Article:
As the saying goes, “You can tell a man’s character by looking at his shoes”, one can also spot the character of a business by the commentaries and the interviews, management of businesses provide.
There were a couple of observations which really stuck out, especially when I started to compare the commentaries between Future Group and D-Mart over the last week, and hence thought of presenting the same below:
Projections Vs Patience
- “We don’t give any projections. We will never get extremely aggressive in our store expansion in new states. There is no compulsion to do super growth. We will grow at the pace we think suits us.” – Navil Noronha, CEO – D-Mart
- “You guys just need to scale this up, but carefully, no shortcuts” – Radhakishan Damani, Promoter – D-Mart); words of wisdom to the D-Mart team
In 2006, when D-Mart was just a 7-store operation, it implemented its first enterprise resource planning (ERP) platform. Investment in an ERP platform and distribution centre allowed the company to have a far more efficient supply chain than competition, who did the same only when they achieved scale.
This obviously follows the fabled adage: Slow and steady wins the race. In a retail business, where winning is obviously centred towards details, it is important to grow steadily but profitably.
- “Our plan is to add 1,000 small stores over the next 12-15 months. Our plan is to open up another 35-40 Big Bazaars, our plan is open another 50-60 Brand Factories.” – Kishore Biyani, promoter of Future Group. (Just a couple of years ago in 2012, Future Group had sold its debt-laden Pantaloons retail chain to Aditya Birla Nuvo Ltd.). Would history rhyme again?
it’s important to know your risks. After all, even a very large number multiplied by zero eventually will become worthless.
Humility & Understanding Circle of Competence
- “Adoring investors’ as a topic is very new to me” – Navil Noronha, CEO – D-Mart
- We are just feeling our feet in the eco-system, E-commerce is our limitation; we understand very little here. We are trying to understand this. – Navil Noronha, CEO – D-Mart
After all, acknowledgement of one’s faults / shortcomings is something which you don’t see coming, generally from the management. After all, as Warrant Buffett has said, “You don’t have to be an expert on every company, or every aspect of the business (if you are learning)* or even many. You only have to be able to evaluate companies within your circle of competence. The size of that circle is not very important; knowing its boundaries, however, is vital.”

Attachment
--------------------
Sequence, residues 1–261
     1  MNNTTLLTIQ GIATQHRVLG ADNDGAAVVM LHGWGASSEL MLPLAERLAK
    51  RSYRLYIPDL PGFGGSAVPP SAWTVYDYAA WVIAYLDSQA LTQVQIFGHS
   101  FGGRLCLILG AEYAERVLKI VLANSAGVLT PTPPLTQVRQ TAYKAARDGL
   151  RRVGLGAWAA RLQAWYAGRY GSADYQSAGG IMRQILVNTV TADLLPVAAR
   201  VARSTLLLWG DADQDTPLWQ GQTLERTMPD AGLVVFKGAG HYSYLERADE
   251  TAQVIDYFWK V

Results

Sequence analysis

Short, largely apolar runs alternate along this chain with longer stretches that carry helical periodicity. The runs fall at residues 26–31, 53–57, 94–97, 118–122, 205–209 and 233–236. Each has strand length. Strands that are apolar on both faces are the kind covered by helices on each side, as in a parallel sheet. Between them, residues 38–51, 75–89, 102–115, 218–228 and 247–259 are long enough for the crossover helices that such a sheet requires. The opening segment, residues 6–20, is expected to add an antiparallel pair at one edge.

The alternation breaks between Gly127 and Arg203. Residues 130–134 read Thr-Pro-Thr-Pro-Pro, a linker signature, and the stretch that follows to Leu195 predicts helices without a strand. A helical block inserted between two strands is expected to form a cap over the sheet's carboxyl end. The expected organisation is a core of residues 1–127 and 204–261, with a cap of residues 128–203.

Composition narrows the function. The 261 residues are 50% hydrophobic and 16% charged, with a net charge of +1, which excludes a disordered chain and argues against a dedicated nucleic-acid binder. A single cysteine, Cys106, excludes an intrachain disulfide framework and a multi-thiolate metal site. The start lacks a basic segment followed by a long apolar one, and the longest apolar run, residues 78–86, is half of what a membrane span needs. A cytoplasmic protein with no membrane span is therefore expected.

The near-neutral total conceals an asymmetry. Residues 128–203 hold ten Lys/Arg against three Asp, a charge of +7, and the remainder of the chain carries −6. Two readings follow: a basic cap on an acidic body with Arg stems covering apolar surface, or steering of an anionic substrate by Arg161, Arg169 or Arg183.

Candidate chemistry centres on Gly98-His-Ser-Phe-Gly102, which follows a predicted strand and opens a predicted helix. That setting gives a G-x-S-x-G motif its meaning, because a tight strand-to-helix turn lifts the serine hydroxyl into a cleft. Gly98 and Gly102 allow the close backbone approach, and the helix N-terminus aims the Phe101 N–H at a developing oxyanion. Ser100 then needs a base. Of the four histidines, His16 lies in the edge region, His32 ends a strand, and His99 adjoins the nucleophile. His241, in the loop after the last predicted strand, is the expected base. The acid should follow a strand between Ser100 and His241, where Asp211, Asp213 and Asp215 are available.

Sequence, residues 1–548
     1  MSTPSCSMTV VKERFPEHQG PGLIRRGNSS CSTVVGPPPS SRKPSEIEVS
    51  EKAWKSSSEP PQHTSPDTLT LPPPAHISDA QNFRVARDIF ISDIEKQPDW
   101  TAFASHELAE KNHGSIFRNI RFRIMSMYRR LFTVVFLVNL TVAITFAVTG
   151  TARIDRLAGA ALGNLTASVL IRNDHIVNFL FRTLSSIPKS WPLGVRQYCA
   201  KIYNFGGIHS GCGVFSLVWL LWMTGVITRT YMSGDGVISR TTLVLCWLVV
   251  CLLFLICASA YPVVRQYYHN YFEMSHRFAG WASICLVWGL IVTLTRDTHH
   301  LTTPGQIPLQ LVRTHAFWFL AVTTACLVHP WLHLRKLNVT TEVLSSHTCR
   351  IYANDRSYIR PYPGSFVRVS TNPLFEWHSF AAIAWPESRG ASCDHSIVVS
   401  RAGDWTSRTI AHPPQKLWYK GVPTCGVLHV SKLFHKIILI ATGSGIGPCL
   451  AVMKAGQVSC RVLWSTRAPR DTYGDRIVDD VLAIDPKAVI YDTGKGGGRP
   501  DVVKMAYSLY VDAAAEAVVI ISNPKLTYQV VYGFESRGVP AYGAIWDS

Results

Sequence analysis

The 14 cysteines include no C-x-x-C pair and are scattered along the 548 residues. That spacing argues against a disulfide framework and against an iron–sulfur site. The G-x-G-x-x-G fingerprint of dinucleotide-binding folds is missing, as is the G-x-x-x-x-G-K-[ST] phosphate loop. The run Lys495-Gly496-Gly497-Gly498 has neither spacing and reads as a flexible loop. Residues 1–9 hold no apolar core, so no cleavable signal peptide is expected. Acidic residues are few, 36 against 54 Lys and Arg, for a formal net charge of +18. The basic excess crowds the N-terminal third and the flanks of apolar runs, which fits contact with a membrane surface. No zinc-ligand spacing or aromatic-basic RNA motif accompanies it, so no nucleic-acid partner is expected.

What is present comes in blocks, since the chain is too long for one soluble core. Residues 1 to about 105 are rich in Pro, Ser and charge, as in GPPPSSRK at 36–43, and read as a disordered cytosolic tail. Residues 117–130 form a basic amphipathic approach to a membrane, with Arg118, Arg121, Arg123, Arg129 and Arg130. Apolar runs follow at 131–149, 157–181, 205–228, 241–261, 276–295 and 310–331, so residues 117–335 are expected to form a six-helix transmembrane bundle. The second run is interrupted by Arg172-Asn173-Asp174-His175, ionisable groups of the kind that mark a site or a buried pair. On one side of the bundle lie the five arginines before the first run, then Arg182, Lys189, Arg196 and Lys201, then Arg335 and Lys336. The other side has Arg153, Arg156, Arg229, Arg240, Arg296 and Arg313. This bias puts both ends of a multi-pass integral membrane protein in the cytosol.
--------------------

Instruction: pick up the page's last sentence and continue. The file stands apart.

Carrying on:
*Emphasis – Mine
“I’m no genius. I’m smart in spots-but I stay around those spots.” – Tom Watson Sr. Founder of IBM
- “It’s stupid to be in the online space.” – Kishore Biyani, Promoter – Future Group. According to some reports, Future Group witnessed a loss of around INR 250 Cr on FutureBazaar.com, Big Bazaar Direct, and Fab Furnish.
- “Fruits and vegetables are a great way to get customers frequently. They are daily products. We want the first mover advantage,” said Vinay Bhatia, CEO – Group Loyalty & Analytics, Future Group.
While both are contradictory, it is important to learn from your follies, rather than repeating the same mistake again, after all:
Don’t throw good money after bad
Costs Vs Time Duration Matter
- “Owning a store is far riskier, but we like to do it more because we understand that space.” – Navil Noronha, CEO – D-Mart
D-Mart’s management is always cautious while buying property. They have not spent more than INR 5,000 million to date (both in property and technology) and they have a competitive edge when it comes to sourcing the best locations. This enables them far greater flexibility in store lay-out and the percentage mix of various products.
- “We are one of the largest rent payers in the country with Rs 2,200 cr rents per year.” – Kishore Biyani, Promoter – Future Group.
With such a large recurring fixed expenditure, it is important to keep increasing the revenue, thereby leading to immense pressure every day. While renting allows to expand faster, it however, also creates a short-term view to some extent, since it is always susceptible to leave the location if the store is not performing in accordance with the expectations.
While the following wise words from Jeff Bezos is one of my favourites, when it comes to thinking for the long term: “If everything you do needs to work on a three-year time horizon, then you’re competing against a lot of people, but if you’re willing to invest on a seven-year time horizon, you’re now competing against a fraction of those people, because very few companies are willing to do that.
Just by lengthening the time horizon, you can engage in endeavours that you could never otherwise pursue.
At Amazon we like things to work in five to seven years. We’re willing to plant seeds, let them grow – and we’re very stubborn.”
While the retail play in India has become interesting. With the advent of online retailers already making their presence felt, to some of the largest B2B businesses trying to become retail centric, it will not be easy to spot winners from the hay. After all, When the Facts Change, I would change My Mind. What would you Do, Sir?
Disclaimer: Please note that these are my personal views. While, I am a registered Research Analyst as per SEBI (Research Analyst) Regulations, 2014, all investors are advised to conduct their own independent research into individual stocks or industries before making any decision. In addition, investors are advised that past stock performance is not indicative of future price action.